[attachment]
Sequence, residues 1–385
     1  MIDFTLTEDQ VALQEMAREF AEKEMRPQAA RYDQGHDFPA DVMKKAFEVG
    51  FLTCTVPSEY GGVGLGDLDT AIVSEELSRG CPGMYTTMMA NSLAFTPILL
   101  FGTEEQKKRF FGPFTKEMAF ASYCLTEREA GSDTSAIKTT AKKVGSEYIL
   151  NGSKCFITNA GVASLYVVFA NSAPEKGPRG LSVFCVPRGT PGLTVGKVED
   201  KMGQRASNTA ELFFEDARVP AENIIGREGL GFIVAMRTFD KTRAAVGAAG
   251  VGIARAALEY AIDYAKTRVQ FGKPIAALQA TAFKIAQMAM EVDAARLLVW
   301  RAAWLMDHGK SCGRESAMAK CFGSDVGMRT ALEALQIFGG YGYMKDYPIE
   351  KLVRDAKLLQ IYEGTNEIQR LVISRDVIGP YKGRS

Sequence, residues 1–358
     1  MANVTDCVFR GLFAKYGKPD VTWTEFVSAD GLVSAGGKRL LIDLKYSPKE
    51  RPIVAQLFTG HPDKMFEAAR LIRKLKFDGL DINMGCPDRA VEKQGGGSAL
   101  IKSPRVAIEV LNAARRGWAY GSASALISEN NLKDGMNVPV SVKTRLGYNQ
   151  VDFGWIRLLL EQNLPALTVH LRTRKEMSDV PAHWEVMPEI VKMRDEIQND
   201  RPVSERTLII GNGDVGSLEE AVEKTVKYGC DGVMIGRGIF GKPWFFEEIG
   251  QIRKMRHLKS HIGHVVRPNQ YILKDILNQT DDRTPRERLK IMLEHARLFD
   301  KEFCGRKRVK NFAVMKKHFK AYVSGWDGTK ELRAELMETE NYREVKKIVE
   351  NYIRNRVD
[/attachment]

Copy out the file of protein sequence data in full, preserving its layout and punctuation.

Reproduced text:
Sequence, residues 1–385
     1  MIDFTLTEDQ VALQEMAREF AEKEMRPQAA RYDQGHDFPA DVMKKAFEVG
    51  FLTCTVPSEY GGVGLGDLDT AIVSEELSRG CPGMYTTMMA NSLAFTPILL
   101  FGTEEQKKRF FGPFTKEMAF ASYCLTEREA GSDTSAIKTT AKKVGSEYIL
   151  NGSKCFITNA GVASLYVVFA NSAPEKGPRG LSVFCVPRGT PGLTVGKVED
   201  KMGQRASNTA ELFFEDARVP AENIIGREGL GFIVAMRTFD KTRAAVGAAG
   251  VGIARAALEY AIDYAKTRVQ FGKPIAALQA TAFKIAQMAM EVDAARLLVW
   301  RAAWLMDHGK SCGRESAMAK CFGSDVGMRT ALEALQIFGG YGYMKDYPIE
   351  KLVRDAKLLQ IYEGTNEIQR LVISRDVIGP YKGRS

Sequence, residues 1–358
     1  MANVTDCVFR GLFAKYGKPD VTWTEFVSAD GLVSAGGKRL LIDLKYSPKE
    51  RPIVAQLFTG HPDKMFEAAR LIRKLKFDGL DINMGCPDRA VEKQGGGSAL
   101  IKSPRVAIEV LNAARRGWAY GSASALISEN NLKDGMNVPV SVKTRLGYNQ
   151  VDFGWIRLLL EQNLPALTVH LRTRKEMSDV PAHWEVMPEI VKMRDEIQND
   201  RPVSERTLII GNGDVGSLEE AVEKTVKYGC DGVMIGRGIF GKPWFFEEIG
   251  QIRKMRHLKS HIGHVVRPNQ YILKDILNQT DDRTPRERLK IMLEHARLFD
   301  KEFCGRKRVK NFAVMKKHFK AYVSGWDGTK ELRAELMETE NYREVKKIVE
   351  NYIRNRVD